Starting in the first millennium of Christianity, there was a build-up to the feast of Christmas. Each day an antiphon was sung dramatically at Vespers (sundown prayer) presenting central and alluring metaphors for the Incarnation of the Eternal Christ. (Remember that the Jewish tradition had all feasts begin at sundown on the previous day. Religious feasts were originally observed sundown to sundown. They transitioned to midnight to midnight with the invention of the clock.)
In these O Antiphons, when read backwards in the monastic illustrated Psalters, the opening letters of each day spelled across the page ERO CRAS, or “Tomorrow I will be.” It was an ancient form of very effective religious theatre and presentation.
Today, December 17, begins with the letter S for sapientia. Wisdom—sophia in Greek, sapientia in Latin, sabiduria in Spanish—was the feminine metaphor for the Eternal Divine, as found especially in the books of Proverbs and Wisdom. One might partner or compare Sophia with Logos, which is the masculine metaphor for the Divine. It is interesting that Logos was used in John's Gospel (1.9-14) and became the preferred tradition, but Sophia was seldom used outside of the monasteries. On December 17 we invoke the feminine image of God as Holy Wisdom.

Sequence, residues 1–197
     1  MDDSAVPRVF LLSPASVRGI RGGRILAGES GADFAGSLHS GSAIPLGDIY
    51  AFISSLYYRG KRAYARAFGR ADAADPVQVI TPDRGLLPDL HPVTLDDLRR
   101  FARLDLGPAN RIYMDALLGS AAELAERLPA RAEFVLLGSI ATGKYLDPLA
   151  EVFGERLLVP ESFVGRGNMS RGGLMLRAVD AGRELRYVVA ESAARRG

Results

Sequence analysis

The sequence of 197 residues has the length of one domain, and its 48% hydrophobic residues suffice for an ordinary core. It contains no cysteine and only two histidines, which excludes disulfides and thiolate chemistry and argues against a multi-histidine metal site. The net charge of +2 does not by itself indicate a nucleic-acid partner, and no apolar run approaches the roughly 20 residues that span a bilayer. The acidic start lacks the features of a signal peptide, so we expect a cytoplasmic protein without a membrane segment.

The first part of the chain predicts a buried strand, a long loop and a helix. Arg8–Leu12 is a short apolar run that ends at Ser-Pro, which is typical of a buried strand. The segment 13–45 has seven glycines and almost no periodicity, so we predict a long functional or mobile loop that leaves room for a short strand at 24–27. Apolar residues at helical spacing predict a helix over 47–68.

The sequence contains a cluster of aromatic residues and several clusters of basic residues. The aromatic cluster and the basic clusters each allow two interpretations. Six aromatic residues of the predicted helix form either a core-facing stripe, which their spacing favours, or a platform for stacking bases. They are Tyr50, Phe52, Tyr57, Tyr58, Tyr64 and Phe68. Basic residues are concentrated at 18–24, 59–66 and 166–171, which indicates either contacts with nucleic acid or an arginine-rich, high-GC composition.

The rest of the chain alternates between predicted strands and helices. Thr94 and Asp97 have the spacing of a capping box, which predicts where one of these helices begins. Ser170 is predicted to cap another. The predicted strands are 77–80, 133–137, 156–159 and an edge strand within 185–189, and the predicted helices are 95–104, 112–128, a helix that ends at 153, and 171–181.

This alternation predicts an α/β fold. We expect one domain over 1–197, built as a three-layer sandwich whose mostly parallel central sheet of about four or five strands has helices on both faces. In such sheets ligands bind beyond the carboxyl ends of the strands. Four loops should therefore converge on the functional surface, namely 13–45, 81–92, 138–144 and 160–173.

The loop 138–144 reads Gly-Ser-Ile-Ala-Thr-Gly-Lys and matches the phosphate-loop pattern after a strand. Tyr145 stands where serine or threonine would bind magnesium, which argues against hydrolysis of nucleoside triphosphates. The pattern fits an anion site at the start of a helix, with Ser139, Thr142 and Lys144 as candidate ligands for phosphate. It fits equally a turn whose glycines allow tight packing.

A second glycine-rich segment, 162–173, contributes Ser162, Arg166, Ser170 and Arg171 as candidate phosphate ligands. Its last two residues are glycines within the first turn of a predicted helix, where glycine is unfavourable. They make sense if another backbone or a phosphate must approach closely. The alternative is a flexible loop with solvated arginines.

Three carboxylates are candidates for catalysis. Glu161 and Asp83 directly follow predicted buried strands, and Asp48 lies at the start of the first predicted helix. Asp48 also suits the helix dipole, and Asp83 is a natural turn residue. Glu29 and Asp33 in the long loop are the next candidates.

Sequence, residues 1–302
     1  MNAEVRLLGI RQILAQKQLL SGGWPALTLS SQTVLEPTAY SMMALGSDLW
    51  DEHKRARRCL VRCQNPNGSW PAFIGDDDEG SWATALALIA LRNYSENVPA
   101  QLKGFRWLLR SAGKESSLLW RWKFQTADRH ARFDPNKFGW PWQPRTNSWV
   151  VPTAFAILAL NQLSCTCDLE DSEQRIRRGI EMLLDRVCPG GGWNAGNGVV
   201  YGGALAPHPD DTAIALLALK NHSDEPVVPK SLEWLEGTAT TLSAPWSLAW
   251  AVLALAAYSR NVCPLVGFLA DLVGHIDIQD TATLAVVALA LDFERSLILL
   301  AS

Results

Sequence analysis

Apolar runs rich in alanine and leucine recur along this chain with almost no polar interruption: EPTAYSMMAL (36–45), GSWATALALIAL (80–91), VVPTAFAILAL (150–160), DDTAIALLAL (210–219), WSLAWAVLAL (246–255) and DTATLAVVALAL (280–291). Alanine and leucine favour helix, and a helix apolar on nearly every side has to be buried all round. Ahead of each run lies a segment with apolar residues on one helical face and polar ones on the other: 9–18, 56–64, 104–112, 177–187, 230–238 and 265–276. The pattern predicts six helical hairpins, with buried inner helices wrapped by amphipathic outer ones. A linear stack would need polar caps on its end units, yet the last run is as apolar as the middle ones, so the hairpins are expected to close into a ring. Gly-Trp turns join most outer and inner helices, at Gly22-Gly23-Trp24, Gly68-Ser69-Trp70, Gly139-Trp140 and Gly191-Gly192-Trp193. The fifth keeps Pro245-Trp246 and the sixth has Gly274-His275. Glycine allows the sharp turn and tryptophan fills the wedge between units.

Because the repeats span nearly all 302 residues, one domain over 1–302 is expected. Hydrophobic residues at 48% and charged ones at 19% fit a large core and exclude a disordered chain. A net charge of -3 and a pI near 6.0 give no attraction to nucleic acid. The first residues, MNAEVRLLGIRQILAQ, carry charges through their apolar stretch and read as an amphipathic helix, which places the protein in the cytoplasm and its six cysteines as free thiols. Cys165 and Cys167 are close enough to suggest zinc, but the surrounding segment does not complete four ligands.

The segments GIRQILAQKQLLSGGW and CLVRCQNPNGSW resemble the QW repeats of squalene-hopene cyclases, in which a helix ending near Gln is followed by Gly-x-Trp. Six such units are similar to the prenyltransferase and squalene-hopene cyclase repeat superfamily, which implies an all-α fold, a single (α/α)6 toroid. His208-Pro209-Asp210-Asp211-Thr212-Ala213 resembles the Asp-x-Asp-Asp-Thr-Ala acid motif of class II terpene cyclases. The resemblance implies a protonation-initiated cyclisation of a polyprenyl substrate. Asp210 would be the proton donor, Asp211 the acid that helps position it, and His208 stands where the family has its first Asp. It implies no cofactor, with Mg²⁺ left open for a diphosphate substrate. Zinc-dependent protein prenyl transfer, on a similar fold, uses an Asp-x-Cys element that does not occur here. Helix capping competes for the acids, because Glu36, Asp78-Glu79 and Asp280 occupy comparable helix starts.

Richard Rohr, December 2011
O Sapientia, quae ex ore Altissimi prodiisti,
attingens a fine usque ad finem,
fortiter suaviterque disponens omnia:
veni ad docendum nos viam prudentiae.
O Wisdom, coming forth from the mouth of the Most High,
reaching from one end to the other,
mightily and sweetly ordering all things:
Come to teach us the way of prudence.
The sun is gilding Swanage this early afternoon with peace and beauty. It is easy to remember these words today, how Wisdom “mightily and sweetly order[s] all things.” One day, it will be so forever, and “all shall be well, and all shall be well, and all manner of thing shall be well…”